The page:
The ability of the Fab to inhibit helicase activity of HCV NS3 protein prompted us to test its anti-viral effect in HCV cell culture systems. For this purpose, the Fab gene was cloned and expressed in Huh-7 cells as a complete IgG1 antibody molecule using the vector pFab-CMV. The expression of NS3-specific Fab antibody as well as control antibody was examined by immunocytochemical method at 72 hours after transfection. A very strong positive staining was observed in the cytoplasm of most of the Huh-7 cells transfected with either pFab-CMV-NS3 (L+H) plasmid or control Fab plasmid (Figure 5). No staining was present in Huh-7 cells that were mock transfected. These results confirm that the NS3 antibody is expressed in transfected Huh-7 cells.
Fab Antibody Inhibits Replication of Subgenomic HCV RNA
Anti-viral efficacy of this recombinant antibody fragment was determined using in vitro cell culture models for HCV. First, the highly efficient replicon Huh-7 cell line replicating chimeric subgenomic HCV RNA was used. This cell line was transfected with chimeric subgenomic HCV RNA that expresses nonstructural genes. Autonomous replication of chimeric subgenomic RNA by the nonstructural proteins in the Huh-7 cells makes the cells resistant to G-418. We used this model to determine whether anti-NS3 antibody could have an effect on full-cycle replication of HCV. The anti-viral effect of this antibody clone was tested using a replicon cell line Con-15. Intracellular expression of NS3 Fab antibody resulted in significant inhibition of HCV RNA levels in the Con-15 replicon cell line (Figure 6). Expression of control Fab did not affect HCV RNA levels, indicating that this might be a specific effect of HFab-aNS3 clone. The GAPDH mRNA levels in the antibody-transfected cells remained to be the same, excluding the possibility of variation in the amount of RNA used in the RPA.
Fab Antibody Inhibits Viral Protein Expression
We have also examined whether the Fab antibody could alter the level of viral protein expression. Expression of viral NS3 protein in the antibody-transfected cell was examined by an immunocytochemical method. The results of this experiment clearly show that virus protein levels were also reduced after expression of the Fab but not in the control antibody-transfected replicon cells (Figure 7). Taken together, these results suggest that intracellular expression of NS3-specific Fab clone inhibits replication and expression of NS3 protein in a replicon cell line.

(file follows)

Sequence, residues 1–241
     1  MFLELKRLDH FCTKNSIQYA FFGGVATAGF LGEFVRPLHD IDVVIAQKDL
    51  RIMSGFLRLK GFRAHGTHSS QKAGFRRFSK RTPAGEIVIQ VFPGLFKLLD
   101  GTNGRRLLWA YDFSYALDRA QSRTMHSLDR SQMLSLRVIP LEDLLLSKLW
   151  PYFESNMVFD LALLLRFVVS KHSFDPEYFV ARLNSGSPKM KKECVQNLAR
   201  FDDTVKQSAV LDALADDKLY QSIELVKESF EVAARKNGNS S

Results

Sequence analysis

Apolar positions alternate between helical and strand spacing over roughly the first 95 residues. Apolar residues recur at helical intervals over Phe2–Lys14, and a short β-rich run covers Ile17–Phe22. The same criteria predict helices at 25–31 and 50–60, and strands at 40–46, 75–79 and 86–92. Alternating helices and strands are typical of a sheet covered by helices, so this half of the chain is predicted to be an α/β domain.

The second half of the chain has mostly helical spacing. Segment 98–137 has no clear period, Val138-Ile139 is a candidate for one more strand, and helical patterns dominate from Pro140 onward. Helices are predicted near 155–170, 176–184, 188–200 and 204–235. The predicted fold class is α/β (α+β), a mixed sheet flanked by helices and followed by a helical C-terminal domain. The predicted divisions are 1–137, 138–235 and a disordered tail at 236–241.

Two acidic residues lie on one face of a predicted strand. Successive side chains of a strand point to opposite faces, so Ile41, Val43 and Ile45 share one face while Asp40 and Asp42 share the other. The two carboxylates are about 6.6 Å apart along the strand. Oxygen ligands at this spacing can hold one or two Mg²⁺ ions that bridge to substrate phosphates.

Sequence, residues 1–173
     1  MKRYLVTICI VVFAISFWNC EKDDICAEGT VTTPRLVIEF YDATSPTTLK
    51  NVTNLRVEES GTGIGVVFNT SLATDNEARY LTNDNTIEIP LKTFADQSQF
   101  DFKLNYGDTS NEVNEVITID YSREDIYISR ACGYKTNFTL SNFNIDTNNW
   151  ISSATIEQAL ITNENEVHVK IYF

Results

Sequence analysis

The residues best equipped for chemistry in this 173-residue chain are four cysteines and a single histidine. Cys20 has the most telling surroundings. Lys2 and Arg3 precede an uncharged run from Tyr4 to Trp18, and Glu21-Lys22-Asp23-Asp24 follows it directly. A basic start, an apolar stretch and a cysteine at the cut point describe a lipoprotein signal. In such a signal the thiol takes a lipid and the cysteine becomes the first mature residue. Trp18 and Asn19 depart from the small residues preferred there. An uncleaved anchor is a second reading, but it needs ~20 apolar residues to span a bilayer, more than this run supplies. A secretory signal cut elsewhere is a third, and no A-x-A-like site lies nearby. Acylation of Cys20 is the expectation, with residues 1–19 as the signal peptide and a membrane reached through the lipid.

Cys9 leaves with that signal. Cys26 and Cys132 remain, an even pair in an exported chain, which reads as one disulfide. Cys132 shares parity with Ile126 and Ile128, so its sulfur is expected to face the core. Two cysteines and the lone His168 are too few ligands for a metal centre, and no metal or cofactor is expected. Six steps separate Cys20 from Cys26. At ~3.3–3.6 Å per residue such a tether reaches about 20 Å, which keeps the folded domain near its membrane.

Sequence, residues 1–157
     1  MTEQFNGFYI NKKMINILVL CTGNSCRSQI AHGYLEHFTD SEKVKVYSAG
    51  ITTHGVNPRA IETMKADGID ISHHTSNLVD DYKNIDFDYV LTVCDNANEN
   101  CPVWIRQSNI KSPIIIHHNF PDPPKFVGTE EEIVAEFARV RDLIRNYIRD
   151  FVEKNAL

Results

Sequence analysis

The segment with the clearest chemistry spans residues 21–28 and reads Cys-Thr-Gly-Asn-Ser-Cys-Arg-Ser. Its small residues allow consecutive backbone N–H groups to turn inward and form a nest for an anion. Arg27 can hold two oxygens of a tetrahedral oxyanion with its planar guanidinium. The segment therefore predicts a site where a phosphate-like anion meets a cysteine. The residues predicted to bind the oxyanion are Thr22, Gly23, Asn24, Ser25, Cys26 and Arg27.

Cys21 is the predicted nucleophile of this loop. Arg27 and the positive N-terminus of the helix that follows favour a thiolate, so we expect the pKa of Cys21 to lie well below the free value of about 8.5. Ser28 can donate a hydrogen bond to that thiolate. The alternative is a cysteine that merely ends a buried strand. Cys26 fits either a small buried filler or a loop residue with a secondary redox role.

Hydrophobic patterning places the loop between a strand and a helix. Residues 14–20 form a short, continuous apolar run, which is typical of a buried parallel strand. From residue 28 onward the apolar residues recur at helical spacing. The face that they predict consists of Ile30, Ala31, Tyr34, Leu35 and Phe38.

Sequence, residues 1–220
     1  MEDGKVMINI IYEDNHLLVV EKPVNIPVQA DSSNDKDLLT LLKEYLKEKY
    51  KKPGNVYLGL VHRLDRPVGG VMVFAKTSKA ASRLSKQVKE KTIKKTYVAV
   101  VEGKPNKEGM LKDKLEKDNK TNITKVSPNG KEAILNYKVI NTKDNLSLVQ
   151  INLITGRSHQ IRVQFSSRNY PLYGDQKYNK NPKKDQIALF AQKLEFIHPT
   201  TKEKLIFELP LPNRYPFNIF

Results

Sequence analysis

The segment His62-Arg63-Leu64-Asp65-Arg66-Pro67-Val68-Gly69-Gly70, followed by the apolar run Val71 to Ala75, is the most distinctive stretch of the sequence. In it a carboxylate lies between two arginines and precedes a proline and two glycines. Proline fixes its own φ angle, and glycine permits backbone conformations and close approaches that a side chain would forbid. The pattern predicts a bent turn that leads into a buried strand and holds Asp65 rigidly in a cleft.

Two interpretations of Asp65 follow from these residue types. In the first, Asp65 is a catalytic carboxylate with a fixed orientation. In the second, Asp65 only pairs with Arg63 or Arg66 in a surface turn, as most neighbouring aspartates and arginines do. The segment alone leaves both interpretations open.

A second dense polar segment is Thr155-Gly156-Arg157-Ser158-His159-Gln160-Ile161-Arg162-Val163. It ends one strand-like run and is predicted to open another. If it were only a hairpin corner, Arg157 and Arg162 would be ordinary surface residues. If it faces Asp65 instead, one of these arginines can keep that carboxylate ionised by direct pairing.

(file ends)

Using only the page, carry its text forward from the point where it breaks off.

Fab Antibody Inhibits Full-Length HCV RNA Replication
Because the replicon cell line does not assemble complete virus particles, we decided to test its anti-viral effect in a full-length RNA transfection-based HCV replication system that was established in our laboratory. We have shown previously that transfection of full-length RNA into HepG2 cells results in the assembly of complete virus particles, which are infectious in chimpanzees.
This model closely resembles HCV replication in an infected liver. We assessed the anti-viral effect of HFab-aNS3 clone in this model by after inducing antibody expression in HepG2 cells already transfected with full-length HCV genomic RNA. HCV-RNA levels were measured in this system using a competitive reverse transcriptase-polymerase chain reaction method described previously. Results of this analysis suggest that the anti-NS3 Fab clone inhibited full-length RNA in the HepG2 cells, with HCV RNA levels below the detection limit after 6 days (Figure 8). The GAPDH mRNA levels in the HFab-aNS3 or control Fab-transfected cells remained unaltered.
Fab Antibody Inhibits Negative Strand HCV-RNA Synthesis